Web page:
Don’t forget you can have your apps auto-update by flipping making sure the App Updates switch in Settings > your Apple ID > iTunes & App Stores is enabled. Or, you can manually update your apps and just check out the “What’s New” release notes to see what changed.
Apple just released iOS 13.4.1 for the iPhone SE a day before the phone became widely available. You may have already been prompted to update during the setup process, but if not, now is a great time to make sure you have the latest release. Head to Settings > General > Software Update to grab (or whatever the latest iOS release is at the time).
If you use an Apple Watch (or maybe you just bought a brand new Apple Watch to go with your iPhone SE) you’ll need to pair it to your new iPhone to keep the Activity data flowing to your Health app, and make your new phone’s notifications show up on your watch.
First, you have to unpair your watch from your old iPhone, either in the Apple Watch app on your old iPhone (tap your watch, then the “i” icon, then Unpair Apple Watch, then enter your iCloud password when prompted), or on the watch itself (Settings > General > Reset).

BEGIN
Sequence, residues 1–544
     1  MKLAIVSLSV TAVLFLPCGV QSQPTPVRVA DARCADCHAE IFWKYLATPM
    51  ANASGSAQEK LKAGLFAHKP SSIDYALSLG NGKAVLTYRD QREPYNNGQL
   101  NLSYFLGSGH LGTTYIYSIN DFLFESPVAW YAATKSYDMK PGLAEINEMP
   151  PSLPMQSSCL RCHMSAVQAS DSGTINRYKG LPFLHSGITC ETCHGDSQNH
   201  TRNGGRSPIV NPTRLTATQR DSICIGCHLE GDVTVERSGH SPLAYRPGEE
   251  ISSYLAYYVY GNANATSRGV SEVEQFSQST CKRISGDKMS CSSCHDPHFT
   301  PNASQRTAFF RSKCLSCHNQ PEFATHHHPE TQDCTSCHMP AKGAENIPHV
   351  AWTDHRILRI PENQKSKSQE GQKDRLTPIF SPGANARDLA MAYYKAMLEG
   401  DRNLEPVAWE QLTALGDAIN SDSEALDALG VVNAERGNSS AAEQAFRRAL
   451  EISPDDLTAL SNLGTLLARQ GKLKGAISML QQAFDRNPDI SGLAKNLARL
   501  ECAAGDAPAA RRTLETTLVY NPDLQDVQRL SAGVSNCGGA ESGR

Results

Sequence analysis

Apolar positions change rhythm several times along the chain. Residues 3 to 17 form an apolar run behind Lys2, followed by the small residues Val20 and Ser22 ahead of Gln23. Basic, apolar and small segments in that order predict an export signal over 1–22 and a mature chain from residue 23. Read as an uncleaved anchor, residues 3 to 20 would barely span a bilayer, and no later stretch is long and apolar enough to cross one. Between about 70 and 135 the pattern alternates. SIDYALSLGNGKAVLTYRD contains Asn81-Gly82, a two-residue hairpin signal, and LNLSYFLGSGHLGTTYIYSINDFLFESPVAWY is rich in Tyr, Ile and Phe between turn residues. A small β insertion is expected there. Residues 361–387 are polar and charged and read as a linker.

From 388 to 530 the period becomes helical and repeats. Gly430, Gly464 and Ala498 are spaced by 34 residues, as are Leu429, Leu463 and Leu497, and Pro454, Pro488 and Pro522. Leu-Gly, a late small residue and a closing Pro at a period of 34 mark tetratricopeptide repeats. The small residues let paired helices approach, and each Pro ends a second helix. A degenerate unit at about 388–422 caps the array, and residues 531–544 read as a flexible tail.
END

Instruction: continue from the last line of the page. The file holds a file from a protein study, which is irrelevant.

Then, launch the Watch app on your new iPhone SE, which will walk you through the pairing process including setting a passcode, unlocking behavior, and Apple Pay.
If your Apple Watch isn’t already running watchOS 6, you’ll want to update it. To upgrade, your Apple Watch needs to be connected to its charger, in range of your iPhone, and at least 50 percent charged. Then look for the Software Update option in the iPhone Watch app. Updating your Apple Watch can be a slow process, so it’s a good idea to get started early.
This story, “Just picked up an iPhone SE? Do these 5 things first!” was originally published by
Jason has written professionally about technology for over 20 years. His goal is to figure out how complicated technology works and explain it in a way anyone can understand.
Copyright © 2020 IDG Communications, Inc.